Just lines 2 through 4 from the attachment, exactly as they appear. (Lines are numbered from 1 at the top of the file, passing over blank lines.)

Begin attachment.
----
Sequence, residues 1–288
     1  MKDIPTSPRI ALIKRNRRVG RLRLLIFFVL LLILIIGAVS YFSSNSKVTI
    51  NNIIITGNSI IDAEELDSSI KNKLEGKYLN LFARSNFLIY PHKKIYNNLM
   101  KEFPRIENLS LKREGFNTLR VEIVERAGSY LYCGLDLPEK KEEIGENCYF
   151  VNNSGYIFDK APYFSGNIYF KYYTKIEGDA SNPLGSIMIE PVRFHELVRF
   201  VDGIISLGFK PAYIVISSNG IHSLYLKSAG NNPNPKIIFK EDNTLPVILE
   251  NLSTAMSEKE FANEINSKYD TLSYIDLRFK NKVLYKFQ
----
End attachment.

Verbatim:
     1  MKDIPTSPRI ALIKRNRRVG RLRLLIFFVL LLILIIGAVS YFSSNSKVTI
    51  NNIIITGNSI IDAEELDSSI KNKLEGKYLN LFARSNFLIY PHKKIYNNLM
   101  KEFPRIENLS LKREGFNTLR VEIVERAGSY LYCGLDLPEK KEEIGENCYF